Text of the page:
World Library  
Flag as Inappropriate
Email this Article

AtheOS File System

Article Id: WHEBN0001002413
Reproduction Date:

Title: AtheOS File System  
Author: World Heritage Encyclopedia
Language: English
Subject: Dell Fluid File System, Aufs, Synthetic file system, WinFS, Device file
Collection:
Publisher: World Heritage Encyclopedia
Publication
Date:
 

AtheOS File System

The AtheOS file system (AFS) was originally used in the AtheOS operating system under MBR partition ID 0x2A, and is now a part of the Syllable operating system. AFS started with exactly the same data structures as the Be File System, BFS, and extended its feature set in many ways. As such, AFS is a 64-bit journaled file system with support for file attributes. File indexing and soft deletions are also partially supported.

A few definitions:

  • Journaled -- All file system transactions are first written to a journal before they are executed. When mounted, the file system replays everything in the journal. So, if something catastrophic occurs as data is being written to the file system, the file system can recover.
  • File Attributes -- Name/value pairs tacked onto a file. For example, an audio file might have attributes for Artist, Title, and Album. This lets the file system search files in intelligent and flexible ways; example: search for all songs by Elton John that exist on the drive.
  • File Indexing -- A persistent and up-to-date list of all files with a specific attribute, and the value of that attribute. So, the system may have an index for the Artist attribute on MP3 files. This speeds searching, but slows system performance when large numbers of files are created.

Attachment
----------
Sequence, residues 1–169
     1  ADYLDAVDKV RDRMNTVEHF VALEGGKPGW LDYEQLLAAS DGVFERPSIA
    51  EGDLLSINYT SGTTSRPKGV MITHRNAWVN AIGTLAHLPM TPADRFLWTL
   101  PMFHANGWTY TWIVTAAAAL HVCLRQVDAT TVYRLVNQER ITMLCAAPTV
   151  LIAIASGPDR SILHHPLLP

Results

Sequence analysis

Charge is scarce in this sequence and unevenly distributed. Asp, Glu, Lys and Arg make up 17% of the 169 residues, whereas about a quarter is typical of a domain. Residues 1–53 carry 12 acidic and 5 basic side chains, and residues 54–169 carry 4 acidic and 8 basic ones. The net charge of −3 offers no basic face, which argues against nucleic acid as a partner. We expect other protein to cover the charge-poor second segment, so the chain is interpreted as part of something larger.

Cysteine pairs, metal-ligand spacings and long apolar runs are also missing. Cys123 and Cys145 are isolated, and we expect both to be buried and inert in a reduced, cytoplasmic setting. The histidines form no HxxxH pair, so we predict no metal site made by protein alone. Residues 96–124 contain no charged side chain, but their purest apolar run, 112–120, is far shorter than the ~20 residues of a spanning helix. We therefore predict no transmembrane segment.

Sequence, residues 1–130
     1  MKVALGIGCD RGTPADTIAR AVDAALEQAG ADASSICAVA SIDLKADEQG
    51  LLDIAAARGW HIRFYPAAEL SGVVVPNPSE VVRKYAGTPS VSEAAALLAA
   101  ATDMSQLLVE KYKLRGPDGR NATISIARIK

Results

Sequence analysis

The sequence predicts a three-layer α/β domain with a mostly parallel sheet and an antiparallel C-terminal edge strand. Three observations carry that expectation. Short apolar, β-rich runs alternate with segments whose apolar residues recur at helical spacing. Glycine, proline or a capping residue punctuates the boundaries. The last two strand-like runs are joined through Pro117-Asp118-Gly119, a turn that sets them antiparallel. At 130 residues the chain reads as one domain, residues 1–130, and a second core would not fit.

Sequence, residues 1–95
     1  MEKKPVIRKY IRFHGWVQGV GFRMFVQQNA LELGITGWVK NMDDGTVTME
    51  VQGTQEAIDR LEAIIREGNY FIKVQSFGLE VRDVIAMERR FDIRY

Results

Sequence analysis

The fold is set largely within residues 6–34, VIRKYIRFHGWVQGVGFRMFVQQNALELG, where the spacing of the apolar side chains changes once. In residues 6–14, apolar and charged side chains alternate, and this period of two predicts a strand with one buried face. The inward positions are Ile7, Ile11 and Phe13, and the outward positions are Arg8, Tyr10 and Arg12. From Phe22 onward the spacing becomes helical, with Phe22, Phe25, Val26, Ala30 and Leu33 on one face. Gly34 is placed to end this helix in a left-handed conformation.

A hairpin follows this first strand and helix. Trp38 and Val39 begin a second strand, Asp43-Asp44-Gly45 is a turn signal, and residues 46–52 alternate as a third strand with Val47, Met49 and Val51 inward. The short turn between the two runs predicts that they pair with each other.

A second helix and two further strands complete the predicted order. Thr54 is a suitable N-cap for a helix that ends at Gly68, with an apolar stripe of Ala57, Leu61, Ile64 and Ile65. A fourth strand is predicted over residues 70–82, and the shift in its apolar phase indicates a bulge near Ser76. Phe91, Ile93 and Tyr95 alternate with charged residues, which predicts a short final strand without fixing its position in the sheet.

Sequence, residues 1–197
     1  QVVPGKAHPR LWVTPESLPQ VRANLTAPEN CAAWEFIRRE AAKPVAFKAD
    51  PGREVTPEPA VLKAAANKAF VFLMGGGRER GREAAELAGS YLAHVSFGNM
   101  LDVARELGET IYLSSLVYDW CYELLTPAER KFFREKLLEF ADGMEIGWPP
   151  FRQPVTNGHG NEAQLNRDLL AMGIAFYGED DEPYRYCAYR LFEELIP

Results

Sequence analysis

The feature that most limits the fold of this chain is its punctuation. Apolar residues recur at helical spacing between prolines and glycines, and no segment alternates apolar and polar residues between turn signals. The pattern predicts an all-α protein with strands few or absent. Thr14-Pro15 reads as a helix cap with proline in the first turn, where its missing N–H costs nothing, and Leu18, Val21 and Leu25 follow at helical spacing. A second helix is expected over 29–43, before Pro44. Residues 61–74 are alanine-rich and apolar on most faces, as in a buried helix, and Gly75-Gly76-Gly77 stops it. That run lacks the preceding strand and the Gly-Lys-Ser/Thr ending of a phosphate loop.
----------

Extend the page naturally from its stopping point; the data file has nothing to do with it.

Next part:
• Soft Deletions -- When the file system is told to delete a file, the file is actually hidden, and removed later by other means. In AFS, files are moved to an invisible directory and only deleted when the file system is next mounted.


This article was sourced from Creative Commons Attribution-ShareAlike License; additional terms may apply. World Heritage Encyclopedia content is assembled from numerous content providers, Open Access Publishing, and in compliance with The Fair Access to Science and Technology Research Act (FASTR), Wikimedia Foundation, Inc., Public Library of Science, The Encyclopedia of Life, Open Book Publishers (OBP), PubMed, U.S. National Library of Medicine, National Center for Biotechnology Information, U.S. National Library of Medicine, National Institutes of Health (NIH), U.S. Department of Health & Human Services, and USA.gov, which sources content from all federal, state, local, tribal, and territorial government publication portals (.gov, .mil, .edu). Funding for USA.gov and content contributors is made possible from the U.S. Congress, E-Government Act of 2002.
 
Crowd sourced content that is contributed to World Heritage Encyclopedia is peer reviewed and edited by our editorial staff to ensure quality scholarly research articles.
 
By using this site, you agree to the Terms of Use and Privacy Policy. World Heritage Encyclopedia™ is a registered trademark of the World Public Library Association, a non-profit organization.
 


Copyright © World Library Foundation. All rights reserved. eBooks from Project Gutenberg are sponsored by the World Library Foundation,
a 501c(4) Member's Support Non-Profit Organization, and is NOT affiliated with any governmental agency or department.